EDITOR’S NOTE — The following information was compiled by James Johnson, James Kiawu, Stephen MacDonald, Leslie Meyer and Carol Skelly of the United States Department of Agriculture and presented at the agency’s Outlook Conference.

The U.S. Department of Agriculture’s (USDA’s) first world 2013/14 cotton projections anticipate that, despite lower production and higher consumption, world stocks will rise for the fourth consecutive season.

Global cotton production fell and consumption recovered during the current season, 2012/13, but China added more than 12 million bales to ending stocks as a result of setting domestic price support well above world market-clearing levels.

China’s policies have driven world cotton market developments in 2012/13 and will continue to do so for the foreseeable future.

Since China’s leadership has not indicated that changes are being considered, USDA is basing this preliminary outlook on a continuation of the policies affecting support prices, import levels, and release of the state reserve as of mid-February 2013.

Changes to these policies would likely change the outlook; in particular, a decision to lower support prices and/or release more reserve stocks would pressure world prices.

The U.S. crop is projected to fall sharply to about 14.0 million bales in 2013/14, accounting for most of the expected decline in world production, as producers shift area to corn and soybeans following the historic mid-western drought of summer 2012. Accordingly, U.S. cotton stocks, which are estimated to rise in 2012/13, are expected to tighten again in 2013/14.

Global 2012/13 cotton production is estimated to decline 4 percent from the previous year to 119 million bales. The estimated crop decline is the result of reductions in the major southern hemisphere producing countries and India, partially offset by increases for the United States, the African Franc Zone countries, and China.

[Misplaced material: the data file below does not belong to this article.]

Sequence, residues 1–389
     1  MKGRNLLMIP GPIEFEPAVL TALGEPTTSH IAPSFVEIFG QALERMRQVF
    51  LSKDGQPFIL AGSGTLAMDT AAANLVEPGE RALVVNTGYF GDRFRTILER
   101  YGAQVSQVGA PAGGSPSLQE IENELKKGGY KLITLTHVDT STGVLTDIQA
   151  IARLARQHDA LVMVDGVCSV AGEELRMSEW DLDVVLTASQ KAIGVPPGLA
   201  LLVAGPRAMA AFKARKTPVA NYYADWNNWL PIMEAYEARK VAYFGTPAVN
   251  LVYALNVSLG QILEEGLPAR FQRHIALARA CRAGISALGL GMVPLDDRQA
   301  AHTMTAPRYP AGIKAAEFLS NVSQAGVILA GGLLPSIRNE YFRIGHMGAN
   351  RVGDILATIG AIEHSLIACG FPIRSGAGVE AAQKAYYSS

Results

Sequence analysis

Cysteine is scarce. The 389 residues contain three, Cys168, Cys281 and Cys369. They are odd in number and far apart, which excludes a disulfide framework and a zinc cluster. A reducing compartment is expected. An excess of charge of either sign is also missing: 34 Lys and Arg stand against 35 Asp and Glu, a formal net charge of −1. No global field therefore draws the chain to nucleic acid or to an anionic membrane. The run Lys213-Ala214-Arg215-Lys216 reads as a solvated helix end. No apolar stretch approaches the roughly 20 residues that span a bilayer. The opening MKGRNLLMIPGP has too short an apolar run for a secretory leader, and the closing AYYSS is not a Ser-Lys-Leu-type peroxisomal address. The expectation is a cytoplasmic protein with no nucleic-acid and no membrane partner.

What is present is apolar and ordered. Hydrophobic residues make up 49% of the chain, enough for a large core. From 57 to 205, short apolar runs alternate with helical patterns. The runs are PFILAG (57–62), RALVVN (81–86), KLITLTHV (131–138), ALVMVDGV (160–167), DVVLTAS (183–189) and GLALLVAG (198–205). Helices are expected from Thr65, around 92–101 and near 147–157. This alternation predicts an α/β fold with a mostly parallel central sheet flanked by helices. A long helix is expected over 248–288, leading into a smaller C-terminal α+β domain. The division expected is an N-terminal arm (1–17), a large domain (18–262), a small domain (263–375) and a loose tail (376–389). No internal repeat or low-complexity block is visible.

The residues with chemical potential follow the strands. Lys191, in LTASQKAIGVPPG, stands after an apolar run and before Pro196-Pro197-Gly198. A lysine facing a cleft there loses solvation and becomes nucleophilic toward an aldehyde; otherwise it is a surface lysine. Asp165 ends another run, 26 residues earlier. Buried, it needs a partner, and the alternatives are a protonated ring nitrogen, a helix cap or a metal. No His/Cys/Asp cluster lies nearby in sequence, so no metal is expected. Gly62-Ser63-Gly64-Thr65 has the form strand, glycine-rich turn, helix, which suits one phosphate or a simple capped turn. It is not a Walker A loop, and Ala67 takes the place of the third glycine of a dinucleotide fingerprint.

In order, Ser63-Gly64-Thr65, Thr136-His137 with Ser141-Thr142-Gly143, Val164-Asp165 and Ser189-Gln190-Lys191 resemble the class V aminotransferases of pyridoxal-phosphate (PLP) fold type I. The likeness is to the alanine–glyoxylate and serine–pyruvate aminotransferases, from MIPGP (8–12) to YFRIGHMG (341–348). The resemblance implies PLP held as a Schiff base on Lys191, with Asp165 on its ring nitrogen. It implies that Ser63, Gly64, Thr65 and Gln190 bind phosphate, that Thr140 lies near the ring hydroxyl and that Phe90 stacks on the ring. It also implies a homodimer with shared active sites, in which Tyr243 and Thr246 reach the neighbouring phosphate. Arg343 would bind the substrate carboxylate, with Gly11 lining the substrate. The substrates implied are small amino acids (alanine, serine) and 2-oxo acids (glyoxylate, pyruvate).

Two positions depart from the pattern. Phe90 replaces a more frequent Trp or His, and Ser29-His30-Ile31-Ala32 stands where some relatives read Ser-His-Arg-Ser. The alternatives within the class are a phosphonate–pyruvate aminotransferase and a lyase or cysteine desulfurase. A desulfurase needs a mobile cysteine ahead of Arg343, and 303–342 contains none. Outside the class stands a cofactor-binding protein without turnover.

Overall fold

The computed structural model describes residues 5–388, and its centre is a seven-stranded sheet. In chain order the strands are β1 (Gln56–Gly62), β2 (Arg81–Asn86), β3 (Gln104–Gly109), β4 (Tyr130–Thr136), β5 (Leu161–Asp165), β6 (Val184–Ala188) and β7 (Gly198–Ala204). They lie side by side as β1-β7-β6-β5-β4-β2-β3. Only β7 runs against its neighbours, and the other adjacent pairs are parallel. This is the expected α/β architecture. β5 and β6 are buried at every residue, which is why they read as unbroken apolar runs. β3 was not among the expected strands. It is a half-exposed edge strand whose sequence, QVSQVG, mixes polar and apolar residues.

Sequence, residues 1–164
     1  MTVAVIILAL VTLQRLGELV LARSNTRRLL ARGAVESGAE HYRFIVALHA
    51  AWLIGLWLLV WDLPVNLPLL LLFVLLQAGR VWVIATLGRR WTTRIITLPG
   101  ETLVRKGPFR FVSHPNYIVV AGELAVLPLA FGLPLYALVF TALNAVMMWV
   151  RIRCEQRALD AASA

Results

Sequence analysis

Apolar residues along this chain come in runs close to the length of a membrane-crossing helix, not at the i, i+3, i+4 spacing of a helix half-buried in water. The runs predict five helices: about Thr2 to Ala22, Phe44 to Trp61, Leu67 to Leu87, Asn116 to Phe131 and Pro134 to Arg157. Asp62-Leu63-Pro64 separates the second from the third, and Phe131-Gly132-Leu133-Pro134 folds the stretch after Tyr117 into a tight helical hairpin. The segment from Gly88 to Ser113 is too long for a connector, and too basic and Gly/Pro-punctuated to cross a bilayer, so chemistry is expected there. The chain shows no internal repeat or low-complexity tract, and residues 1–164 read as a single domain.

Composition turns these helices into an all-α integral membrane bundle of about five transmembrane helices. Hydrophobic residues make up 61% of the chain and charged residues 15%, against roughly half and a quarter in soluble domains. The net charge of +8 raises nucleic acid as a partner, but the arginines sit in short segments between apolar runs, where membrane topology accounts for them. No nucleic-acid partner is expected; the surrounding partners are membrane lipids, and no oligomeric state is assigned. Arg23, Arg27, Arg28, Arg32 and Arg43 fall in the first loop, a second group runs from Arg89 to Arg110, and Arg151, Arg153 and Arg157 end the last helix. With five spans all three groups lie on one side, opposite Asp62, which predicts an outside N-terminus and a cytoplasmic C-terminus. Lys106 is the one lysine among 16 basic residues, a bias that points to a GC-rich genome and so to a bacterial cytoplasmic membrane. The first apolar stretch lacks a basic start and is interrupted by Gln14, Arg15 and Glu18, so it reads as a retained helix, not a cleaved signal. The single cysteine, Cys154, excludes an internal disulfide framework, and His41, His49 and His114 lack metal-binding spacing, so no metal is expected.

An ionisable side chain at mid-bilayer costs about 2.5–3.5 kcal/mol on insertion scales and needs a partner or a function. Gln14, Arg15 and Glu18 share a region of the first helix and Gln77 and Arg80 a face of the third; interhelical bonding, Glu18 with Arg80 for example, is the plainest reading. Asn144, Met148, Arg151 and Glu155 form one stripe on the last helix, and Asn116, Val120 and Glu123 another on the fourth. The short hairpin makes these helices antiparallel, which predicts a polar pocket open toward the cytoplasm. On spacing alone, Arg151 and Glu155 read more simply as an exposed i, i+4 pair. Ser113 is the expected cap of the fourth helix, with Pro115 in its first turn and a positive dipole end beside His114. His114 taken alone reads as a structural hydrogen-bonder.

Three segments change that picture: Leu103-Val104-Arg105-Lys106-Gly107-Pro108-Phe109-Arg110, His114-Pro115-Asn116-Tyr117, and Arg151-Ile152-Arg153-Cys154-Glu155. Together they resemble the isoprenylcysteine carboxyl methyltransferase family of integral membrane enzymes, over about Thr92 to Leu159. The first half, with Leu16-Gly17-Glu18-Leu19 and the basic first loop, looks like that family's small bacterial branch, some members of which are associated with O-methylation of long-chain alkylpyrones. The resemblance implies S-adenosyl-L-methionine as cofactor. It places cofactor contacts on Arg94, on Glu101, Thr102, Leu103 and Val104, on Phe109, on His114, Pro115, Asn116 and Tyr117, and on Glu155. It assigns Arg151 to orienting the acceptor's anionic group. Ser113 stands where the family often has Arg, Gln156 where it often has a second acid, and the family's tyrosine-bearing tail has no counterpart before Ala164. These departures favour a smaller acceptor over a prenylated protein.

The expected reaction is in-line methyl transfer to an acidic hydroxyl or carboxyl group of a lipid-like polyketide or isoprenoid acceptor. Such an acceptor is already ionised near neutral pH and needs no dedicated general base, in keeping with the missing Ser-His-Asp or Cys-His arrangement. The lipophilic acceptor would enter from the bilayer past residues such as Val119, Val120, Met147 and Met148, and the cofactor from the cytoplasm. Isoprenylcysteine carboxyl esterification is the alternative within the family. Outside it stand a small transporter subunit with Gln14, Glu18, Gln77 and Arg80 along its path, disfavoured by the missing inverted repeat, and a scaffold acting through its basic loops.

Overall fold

World 2012/13 area harvested is estimated at 34.1 million hectares, down 4 percent from the preceding year, while the world average yield is about unchanged at 759 kg/hectare.

China is the world’s largest cotton-producer, with an estimated 2012/13 crop of 34 million bales, up 3 percent from the preceding year. China’s official cotton procurement policy offered a domestic support price equivalent to 20,400 RMB/ton of lint ($1.47/lb.) for the 2012 crop, 5 percent above the preceding year.

However, planted area in the Yellow and Yangtze River provinces fell sharply, due mainly to labor shortages and the availability of more attractive cropping alternatives. The decline in production in the east was more than offset by increased production in the northwest Xinjiang Autonomous Region, which has more widespread mechanization, higher cotton yields, and fewer profitable alternatives.

China’s 2012/13 harvested area is estimated at about 5.3 million hectares, 2.3 percent below 2011/12, while yields are expected to rise 5 percent to 1,403 kilograms per hectare, due both to the regional redistribution of area and to favorable weather in Xinjiang.